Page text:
The prophet Amos describes three major sins: the sins of covetousness (verse 6); indifference and oppression of the poor, the needy and the weak (verse 7); and unrestricted promotion of self-advantage (verse 8). These are the effects of rejecting the Teacher, the Instructor.
As Israel's destruction neared, conditions worsened drastically. The courts were totally corrupt with the judges in collusion with the lawyers, selling their verdicts to the highest bidder! Amos says, "Therefore the prudent keep silent at that time, for it is an evil time" (Amos 5:13). God advises that the best thing to do was to remain silent and go on with one's life because one could not get a good judgment from the judges! The best thing to do was to settle out of court, if possible.
All the while this corruption ran rampant in Israel, people were worshipping God in droves! A high percentage of the people attended services and kept the festivals. They pilgrimaged to the centers of religion in Bethel, Gilgal, and Beersheba where the people kept the feasts. The commentators concede Israel may still have been keeping some of the holy days of God.
Notice what God says:
I hate, I despise your feast days, and I do not savor your sacred assemblies. Though you offer Me burnt offerings [worship] and your grain offerings, I will not accept them, nor will I regard your fattened peace offerings. Take away from Me the noise of your songs, for I will not hear the melody of your stringed instruments. (Amos 5:21-23)
God hated their feasts, their offerings, and their singing in His name. The wording indicates nausea! Compare this to Revelation 3:16.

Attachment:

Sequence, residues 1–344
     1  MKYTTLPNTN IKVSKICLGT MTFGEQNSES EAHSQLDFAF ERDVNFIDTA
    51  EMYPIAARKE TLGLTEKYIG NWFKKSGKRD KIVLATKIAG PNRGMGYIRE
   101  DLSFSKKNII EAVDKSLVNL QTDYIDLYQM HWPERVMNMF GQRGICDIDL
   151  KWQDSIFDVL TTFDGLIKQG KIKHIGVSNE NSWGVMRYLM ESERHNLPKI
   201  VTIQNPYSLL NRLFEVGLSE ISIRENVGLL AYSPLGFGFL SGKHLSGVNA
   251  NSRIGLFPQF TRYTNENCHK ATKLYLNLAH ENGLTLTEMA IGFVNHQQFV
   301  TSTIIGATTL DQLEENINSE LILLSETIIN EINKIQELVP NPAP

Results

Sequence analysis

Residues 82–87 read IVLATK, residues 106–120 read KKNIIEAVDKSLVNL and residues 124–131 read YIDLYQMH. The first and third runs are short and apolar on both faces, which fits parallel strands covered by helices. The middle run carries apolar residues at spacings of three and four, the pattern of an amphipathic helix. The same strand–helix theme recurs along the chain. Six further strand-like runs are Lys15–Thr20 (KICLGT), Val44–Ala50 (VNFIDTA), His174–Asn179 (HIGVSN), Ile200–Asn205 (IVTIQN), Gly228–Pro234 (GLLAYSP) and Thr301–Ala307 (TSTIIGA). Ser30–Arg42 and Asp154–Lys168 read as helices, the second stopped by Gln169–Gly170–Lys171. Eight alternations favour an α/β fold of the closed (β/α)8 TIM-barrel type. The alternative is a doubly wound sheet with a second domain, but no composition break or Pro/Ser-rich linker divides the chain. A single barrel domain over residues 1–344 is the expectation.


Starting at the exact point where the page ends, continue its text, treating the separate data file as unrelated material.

Most likely Israel blended the worship of the true God with the worship of Baal and Ashtoreth and other local deities. Despite their worship, this syncretism caused a separation from God. They were at odds with Him, even though, in their minds, they worshipped Him. Society immediately degenerated because the people's love waxed cold. Their worship produced no good effect because it came from an unrighteous source.
When one studies the New Testament, the pattern unfortunately continues. The history of the true church has been one of waxing and waning purity as well. Generally, brief periods of unity and growth precede longer periods of disunity and stagnation. Small, scattered congregations barely hold themselves together during these times and do no active work.
The pattern is very similar to that established in ancient Israel. God would raise up a man, and he would lead a Work and establish what would be orthodox. As time went by, two groups would emerge. One group would be more conservative, disposed to maintain orthodox doctrine and to hold on to their traditions. The other element would be broader-minded, not bound by orthodox or traditional forms.
The appearance of these two groups presents a Christian with a complex question: "I see it, but what do I do?" Christ answers: "Beware of false prophets, who come to you in sheep's clothing, but inwardly they are ravenous wolves. You will know them by their fruits" (Matthew 7:15-16).
Such fruit as an increase in marital and relationship problems, uncertain judgment regarding what is right and wrong, a lack of discussion of God and His Word, indifference toward prayer and Bible study, relaxation toward making an effective and powerful work, and similar attitudes are ones of which to be wary. In such an atmosphere, if a Christian is not careful, he can take on the enveloping and smothering attitude that invariably arises, which will eventually snuff out his spiritual life.